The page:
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Marc Cuniberti: Quantitative Tightening

Marc Cuniberti
Columnist

Although the markets have halted their brutal day after day erosion on occasion, the brutal sell off on June 9 and 10 seemed to confirm the general direction is still downward.

Obviously there is still plenty to be concerned about. The markets fall has been attributed to the Feds increasing of the overnight interest rates, which also effect borrowing rates economy wide. The rate increases to date and the expected rates to come have had and will continue to add trepidation to investor mindsets. The rate increases are implemented to rein in the worst inflation in 40 years.

The Feds have a two part plan to address inflation. The first part is the aforementioned interest rate increases.



The second part is called Quantitative Tightening. Although the counterpart to Quantitative Tightening is Quantitative Easing, which encompasses the Feds buying debt instruments from the banking institutions which floods the banking system and hence the overall economy with cash, Quantitative Tightening does the exact opposite. In Quantitative Tightening, the Feds dump the debt instruments they have on their books onto the bond markets.

Being larger than the stock market, what happens in the bond market effects everything else. Bonds are debt from public and private companies, financial institutions, governments and home mortgages, to name a few. The bonds the Feds own include government debt and mortgages.



The Feds Quantitative Tightening program — which will soon be implemented — includes the sale of 95 billion dollars worth of bonds a month until further notice. No small amount to be sure. The Feds have been on the buy side of bonds over the last few decades or more, totaling in the area of a trillion dollars.

Now on the rare sell side of things, the markets have yet to see the effects of what the Feds selling bonds will do in the short, medium and long term.

What we do know is when the Feds were buying, it was in response to a multitude of economic whirlwinds which included the Dot.com crash, 9/11, the 2008/09 crisis and the COVID-19 virus. As a result of their buying, the markets plowed through these events only to end up much higher soon thereafter. Now having to instead sell debt, going forward it will likely be a huge negative for the markets and economy in general.

This analyst is of the opinion that the bond sales (QT) will not go over well with the bond and stock markets once the selling begins. After all, the markets and economy are already under stress from supply side issues, labor shortages and inflation. In essence, the Fed may be tightening into a weakening economy. A double whammy to be sure.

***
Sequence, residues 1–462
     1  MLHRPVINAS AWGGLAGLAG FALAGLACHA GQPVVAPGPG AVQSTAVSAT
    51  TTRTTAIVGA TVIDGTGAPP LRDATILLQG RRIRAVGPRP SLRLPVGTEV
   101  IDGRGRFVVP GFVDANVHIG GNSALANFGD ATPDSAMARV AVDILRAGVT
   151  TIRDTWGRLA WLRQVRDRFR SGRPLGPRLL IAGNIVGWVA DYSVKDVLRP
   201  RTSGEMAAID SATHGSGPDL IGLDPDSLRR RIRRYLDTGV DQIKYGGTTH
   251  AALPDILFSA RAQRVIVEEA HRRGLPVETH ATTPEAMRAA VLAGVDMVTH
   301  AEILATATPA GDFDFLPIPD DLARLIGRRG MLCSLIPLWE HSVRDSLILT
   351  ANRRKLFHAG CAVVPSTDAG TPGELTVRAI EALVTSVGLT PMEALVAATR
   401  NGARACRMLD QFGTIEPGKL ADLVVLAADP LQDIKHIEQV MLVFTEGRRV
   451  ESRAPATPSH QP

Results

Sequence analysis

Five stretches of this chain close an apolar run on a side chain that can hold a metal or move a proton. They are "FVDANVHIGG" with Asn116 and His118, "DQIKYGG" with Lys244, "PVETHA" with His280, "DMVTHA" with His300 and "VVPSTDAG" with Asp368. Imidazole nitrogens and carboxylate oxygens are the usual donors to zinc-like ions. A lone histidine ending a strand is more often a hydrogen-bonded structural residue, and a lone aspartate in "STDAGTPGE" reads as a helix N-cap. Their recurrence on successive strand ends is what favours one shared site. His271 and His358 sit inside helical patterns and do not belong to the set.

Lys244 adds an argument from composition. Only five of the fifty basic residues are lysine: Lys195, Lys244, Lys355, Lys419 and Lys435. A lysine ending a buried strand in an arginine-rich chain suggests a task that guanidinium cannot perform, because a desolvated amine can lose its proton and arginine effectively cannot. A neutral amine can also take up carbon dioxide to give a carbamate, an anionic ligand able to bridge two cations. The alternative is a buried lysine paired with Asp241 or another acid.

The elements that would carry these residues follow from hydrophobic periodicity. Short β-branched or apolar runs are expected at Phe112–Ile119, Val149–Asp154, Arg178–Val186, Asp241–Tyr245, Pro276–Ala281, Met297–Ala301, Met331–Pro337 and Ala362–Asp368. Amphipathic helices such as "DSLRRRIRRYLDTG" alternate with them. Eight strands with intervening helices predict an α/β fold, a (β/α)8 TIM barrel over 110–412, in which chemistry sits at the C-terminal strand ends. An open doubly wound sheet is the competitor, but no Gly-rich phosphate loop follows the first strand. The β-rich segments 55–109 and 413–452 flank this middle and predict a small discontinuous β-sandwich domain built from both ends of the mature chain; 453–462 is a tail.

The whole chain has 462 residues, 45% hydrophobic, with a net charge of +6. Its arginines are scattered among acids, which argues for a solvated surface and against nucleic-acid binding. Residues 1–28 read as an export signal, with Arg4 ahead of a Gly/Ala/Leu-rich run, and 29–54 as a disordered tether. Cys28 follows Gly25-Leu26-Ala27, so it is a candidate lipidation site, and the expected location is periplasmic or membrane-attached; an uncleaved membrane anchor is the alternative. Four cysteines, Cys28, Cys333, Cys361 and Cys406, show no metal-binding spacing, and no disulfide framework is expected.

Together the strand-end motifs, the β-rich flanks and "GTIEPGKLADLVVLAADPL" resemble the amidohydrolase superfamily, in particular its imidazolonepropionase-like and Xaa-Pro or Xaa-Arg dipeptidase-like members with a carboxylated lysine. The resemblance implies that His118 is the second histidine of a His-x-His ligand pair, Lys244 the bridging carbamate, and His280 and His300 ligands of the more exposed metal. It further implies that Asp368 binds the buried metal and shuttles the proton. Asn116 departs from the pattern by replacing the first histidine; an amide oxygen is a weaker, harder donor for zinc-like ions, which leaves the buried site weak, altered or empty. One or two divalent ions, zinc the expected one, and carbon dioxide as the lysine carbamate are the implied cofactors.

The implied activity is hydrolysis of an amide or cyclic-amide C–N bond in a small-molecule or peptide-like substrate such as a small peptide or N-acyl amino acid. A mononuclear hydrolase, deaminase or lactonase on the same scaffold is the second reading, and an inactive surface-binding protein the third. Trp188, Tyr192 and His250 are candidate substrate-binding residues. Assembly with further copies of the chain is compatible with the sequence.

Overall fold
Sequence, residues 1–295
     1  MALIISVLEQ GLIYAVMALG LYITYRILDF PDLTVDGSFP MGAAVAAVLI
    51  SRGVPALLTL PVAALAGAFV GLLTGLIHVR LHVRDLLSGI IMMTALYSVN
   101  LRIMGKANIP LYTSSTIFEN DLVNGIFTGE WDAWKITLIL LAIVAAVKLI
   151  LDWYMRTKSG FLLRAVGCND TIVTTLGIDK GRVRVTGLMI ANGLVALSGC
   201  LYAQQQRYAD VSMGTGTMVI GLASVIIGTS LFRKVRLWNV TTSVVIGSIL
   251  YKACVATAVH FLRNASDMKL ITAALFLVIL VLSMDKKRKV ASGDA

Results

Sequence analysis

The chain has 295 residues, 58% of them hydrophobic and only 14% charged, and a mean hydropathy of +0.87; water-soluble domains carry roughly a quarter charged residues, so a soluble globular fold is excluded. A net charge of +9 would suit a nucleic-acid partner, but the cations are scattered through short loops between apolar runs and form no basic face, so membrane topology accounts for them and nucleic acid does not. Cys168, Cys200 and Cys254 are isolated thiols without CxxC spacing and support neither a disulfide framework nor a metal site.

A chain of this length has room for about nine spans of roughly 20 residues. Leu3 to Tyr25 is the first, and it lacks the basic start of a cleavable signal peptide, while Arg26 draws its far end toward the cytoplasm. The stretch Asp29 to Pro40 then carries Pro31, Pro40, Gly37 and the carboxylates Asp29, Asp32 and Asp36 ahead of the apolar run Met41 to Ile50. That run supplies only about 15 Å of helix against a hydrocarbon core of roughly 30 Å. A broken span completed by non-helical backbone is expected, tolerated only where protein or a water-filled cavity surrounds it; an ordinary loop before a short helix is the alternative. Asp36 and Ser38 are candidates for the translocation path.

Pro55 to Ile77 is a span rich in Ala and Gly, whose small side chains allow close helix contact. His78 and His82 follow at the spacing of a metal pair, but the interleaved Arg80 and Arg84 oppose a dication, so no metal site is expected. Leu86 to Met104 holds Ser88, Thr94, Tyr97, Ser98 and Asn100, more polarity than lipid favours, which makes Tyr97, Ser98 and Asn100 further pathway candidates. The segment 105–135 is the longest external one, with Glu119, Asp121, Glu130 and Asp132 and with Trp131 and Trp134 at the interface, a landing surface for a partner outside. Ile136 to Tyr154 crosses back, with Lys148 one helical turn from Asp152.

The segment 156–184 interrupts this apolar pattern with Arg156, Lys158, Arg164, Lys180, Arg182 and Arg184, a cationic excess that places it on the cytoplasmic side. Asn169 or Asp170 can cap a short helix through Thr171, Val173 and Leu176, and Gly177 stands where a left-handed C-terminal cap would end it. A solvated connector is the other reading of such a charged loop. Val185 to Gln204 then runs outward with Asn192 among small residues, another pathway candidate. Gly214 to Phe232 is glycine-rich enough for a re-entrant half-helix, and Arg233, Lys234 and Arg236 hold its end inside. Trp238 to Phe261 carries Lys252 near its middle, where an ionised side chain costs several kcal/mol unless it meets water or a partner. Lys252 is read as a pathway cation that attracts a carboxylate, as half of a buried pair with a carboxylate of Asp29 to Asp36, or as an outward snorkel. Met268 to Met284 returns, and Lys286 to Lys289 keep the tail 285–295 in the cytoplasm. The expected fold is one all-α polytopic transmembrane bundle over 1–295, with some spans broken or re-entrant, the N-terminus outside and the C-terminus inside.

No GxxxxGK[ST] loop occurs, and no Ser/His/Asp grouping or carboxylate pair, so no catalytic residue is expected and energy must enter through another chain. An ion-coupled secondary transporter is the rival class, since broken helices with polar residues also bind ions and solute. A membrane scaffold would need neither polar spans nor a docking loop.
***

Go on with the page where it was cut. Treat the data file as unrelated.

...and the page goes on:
In the early 80s, the Feds faced a similar situation. High inflation coupled with a stagnating economy. Called Stagflation, the Feds chose to address the inflation part of the equation and left the markets and the economy to twist in the proverbial wind.

Paul Volcker, the Federal Reserve chief back then, raised interest rates 3% in one day. The world did not take it well and it put so much strain on the consumer, they burned him in effigy on the streets of Washington.

There is little argument that an interest rate increase of that magnitude would flatten world markets and the U.S. economy due to the much higher debt levels that exist on all platforms, both in the consumer and business arena.

The current economic environment unfortunately reeks once again of the dreaded stagflation which reflects inflation amidst a weakening and increasingly stagnant economy.

Although Jerome Powell is the current Fed chief saddled with the unenviable job of putting the pieces back together this time around, I hope he can resurrect the spirit of Houdini to assist him. Otherwise our “problem” might seem more like a predicament.

For those of you that don’t know, problems have solutions. Predicaments only have outcomes.

“Watching the markets so you don’t have to.”

This article expresses the opinion of Marc Cuniberti and is not meant as investment advice, nor represents the opinion of any bank, investment firm or RIA, nor this media outlet, its staff, members or underwriters. Mr. Cuniberti holds a B.A. in Economics with honors, 1979, SDSU, and California Insurance License #0L34249. His website is moneymanagementradio.com, and was recently voted Best Financial Advisor in Nevada County. 530-559-1214


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